Dr Matt Lunt DSTL

Advanced steels processing and characterisation

Steel is the second most used material in the world by weight, after concrete. Its combination of high strength, ductility and toughness make it an ideal material for structural applications, being used in a wide range of industries from construction to automotive.whole conference or only one of the days.

Steel also has other attractive properties making it the material of choice in many applications; for example from its electromagnetic properties (Si steels) in motors to its corrosion resistance properties (stainless steels) in biomedical implants. Increasing customer demands and requirements for low energy production, amongst other reasons, drives steel developments: for example new steel grades, such as low-density high aluminium steels and advanced high strength strip steels are being developed for automotive applications; and to enable low energy production technologies such as belt or twin roll casting are being developed and non-destructive sensors, to provide dynamic feedback for process control, are increasingly being used in steel mills.

conf-speaker-img.jpg

high strength strip steels are being developed for automotive applications

Facilities being set up in the new Advanced Steel Research Centre within the Warwick Manufacturing Group (WMG), at the University of Warwick, allow in-situ analysis and characterisation during steel processing and the development of new steel grades. In this talk some of the research on casting and rolling of steel alloys and the development of electromagnetic (EM) sensors for non-destructive characterisation of microstructure and process control feedback will be discussed. Direct observation of steel solidification using confocal laser scanning microscopy has revealed the dendritic growth rates, with post solidification characterisation of composition spatial distributions being used to validate models of segregation behaviour. The combined modeling and experimental validation approach is also essential for the non-destructive sensor development and examples will be given on the how EM sensors can be used to measure second phase amount and distribution in dual phase steels, with these signals being used to predict the strength of the steel strip.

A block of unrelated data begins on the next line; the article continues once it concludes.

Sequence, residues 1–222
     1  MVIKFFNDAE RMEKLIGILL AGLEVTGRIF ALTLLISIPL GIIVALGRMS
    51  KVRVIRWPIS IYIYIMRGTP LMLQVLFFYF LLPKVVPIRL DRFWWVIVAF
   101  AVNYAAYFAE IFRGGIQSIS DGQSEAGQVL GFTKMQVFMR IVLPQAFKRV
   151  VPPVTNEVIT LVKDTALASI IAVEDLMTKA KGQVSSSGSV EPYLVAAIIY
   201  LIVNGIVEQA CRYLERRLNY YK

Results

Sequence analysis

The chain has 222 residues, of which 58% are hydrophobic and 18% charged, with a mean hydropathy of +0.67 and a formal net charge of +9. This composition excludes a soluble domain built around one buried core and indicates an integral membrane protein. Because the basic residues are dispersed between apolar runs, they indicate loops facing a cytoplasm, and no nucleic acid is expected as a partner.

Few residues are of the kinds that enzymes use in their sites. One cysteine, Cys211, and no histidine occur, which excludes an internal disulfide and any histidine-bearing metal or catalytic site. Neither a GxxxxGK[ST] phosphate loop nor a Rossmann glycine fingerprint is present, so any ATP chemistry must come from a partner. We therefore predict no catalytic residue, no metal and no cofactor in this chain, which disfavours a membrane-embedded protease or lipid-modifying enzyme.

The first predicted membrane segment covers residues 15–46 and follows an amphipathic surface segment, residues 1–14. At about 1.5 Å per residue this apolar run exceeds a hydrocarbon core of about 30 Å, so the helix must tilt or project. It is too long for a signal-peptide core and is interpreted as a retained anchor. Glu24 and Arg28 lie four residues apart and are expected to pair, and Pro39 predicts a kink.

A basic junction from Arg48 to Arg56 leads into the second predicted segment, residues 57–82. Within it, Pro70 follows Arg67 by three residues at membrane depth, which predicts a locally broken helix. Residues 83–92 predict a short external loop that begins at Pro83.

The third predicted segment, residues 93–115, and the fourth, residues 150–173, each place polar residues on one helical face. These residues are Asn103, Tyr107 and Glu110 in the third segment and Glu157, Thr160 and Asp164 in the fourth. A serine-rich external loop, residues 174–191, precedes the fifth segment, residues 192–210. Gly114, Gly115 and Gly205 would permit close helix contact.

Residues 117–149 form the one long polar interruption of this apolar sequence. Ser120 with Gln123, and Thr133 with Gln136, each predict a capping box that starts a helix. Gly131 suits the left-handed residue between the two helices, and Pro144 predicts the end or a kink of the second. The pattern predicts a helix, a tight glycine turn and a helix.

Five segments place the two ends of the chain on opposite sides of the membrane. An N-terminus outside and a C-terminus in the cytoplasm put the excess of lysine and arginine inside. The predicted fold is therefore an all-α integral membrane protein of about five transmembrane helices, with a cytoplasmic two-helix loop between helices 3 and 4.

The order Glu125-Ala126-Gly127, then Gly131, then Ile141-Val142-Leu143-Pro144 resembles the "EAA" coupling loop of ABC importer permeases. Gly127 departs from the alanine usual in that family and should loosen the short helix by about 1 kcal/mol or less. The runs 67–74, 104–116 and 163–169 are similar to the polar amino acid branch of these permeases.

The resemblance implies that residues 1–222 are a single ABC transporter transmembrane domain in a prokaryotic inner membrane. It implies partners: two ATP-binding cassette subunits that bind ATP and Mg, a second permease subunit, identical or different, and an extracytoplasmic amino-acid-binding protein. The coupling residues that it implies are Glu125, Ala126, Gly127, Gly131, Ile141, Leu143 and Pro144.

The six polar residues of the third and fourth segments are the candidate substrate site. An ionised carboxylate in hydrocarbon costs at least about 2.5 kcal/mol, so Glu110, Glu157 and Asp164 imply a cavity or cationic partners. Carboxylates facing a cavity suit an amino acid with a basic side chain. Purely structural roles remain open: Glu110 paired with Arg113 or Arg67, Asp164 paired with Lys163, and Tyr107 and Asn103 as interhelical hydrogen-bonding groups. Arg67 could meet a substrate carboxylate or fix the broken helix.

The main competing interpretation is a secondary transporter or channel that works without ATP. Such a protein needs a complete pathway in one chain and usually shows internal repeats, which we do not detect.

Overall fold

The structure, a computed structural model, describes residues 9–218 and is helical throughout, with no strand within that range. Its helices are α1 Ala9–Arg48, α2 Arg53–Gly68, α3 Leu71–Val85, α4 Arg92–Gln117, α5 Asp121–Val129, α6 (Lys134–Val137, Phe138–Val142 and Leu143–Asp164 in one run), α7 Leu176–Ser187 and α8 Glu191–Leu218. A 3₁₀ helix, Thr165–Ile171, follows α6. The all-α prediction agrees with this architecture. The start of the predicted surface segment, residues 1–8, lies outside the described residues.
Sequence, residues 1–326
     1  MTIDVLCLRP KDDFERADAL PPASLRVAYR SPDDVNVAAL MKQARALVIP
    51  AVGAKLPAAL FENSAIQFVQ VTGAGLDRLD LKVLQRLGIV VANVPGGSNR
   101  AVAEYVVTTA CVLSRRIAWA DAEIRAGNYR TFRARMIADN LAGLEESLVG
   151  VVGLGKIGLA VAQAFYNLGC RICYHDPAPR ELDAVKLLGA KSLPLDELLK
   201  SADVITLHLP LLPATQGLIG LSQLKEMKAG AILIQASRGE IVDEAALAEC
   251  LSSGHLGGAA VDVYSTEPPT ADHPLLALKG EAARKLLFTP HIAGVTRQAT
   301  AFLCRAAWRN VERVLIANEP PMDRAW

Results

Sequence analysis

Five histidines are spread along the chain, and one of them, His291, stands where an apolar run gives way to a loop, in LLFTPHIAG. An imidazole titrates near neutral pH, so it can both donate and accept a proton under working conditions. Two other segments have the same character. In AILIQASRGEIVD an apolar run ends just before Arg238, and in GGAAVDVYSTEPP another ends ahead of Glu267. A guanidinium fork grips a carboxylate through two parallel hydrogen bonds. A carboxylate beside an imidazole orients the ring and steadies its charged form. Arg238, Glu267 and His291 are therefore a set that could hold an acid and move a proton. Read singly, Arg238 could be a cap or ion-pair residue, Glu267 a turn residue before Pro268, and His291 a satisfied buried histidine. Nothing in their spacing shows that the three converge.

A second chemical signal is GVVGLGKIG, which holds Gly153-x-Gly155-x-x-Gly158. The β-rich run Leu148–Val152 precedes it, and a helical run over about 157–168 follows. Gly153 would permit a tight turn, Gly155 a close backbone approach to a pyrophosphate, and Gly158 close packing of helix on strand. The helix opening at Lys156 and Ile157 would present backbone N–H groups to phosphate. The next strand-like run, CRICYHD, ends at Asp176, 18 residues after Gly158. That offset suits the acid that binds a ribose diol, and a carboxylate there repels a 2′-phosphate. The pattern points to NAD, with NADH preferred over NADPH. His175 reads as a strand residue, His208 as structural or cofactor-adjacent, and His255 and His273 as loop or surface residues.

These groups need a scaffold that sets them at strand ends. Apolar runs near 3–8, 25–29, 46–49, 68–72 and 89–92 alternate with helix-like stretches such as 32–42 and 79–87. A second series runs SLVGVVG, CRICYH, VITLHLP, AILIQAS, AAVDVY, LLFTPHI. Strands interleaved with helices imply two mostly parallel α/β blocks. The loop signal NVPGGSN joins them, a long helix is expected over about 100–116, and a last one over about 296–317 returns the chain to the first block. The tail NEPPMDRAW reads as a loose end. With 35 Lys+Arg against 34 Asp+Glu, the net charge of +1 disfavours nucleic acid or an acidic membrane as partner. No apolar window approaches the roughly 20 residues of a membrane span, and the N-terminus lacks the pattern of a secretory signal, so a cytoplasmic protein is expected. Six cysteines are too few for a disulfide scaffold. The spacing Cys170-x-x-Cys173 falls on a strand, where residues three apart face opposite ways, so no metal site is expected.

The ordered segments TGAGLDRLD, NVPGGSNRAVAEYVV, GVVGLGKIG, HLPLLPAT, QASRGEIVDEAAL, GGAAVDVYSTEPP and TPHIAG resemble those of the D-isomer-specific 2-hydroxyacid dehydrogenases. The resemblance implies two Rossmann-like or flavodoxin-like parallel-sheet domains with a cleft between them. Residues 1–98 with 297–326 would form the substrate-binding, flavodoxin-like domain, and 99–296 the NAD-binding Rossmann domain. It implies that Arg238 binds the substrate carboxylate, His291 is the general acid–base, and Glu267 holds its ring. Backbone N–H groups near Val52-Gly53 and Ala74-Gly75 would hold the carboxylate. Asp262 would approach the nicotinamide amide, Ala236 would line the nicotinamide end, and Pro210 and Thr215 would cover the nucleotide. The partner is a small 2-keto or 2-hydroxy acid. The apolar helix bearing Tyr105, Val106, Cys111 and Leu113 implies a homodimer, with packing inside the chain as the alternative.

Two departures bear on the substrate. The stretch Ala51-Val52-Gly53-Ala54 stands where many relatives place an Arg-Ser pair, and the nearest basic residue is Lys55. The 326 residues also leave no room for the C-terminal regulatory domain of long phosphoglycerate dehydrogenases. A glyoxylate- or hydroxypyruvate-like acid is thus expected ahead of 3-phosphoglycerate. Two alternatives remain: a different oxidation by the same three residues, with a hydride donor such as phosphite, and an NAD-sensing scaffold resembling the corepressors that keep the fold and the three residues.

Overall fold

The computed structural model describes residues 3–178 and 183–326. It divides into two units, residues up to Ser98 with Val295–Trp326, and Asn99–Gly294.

Prof Claire Davis was appointed as the Tata Steel Professor of Thermo-Mechanical Processing in WMG at the University of Warwick in September 2014. She was previously the Professor of Ferrous Metallurgy at the University of Birmingham. Her research interests are on the development of microstructure during processing and the relationships between microstructure and properties (both physical and mechanical) in steels. She also works on the non-destructive evaluation of microstructure and defects in steel.

Bio

Prof Claire Davis was appointed as the Tata Steel Professor of Thermo-Mechanical Processing in WMG at the University of Warwick in September 2014. She was previously the Professor of Ferrous Metallurgy at the University of Birmingham. Her research interests are on the development of microstructure during processing and the relationships between microstructure and properties (both physical and mechanical) in steels. She also works on the non-destructive evaluation of microstructure and defects in steel.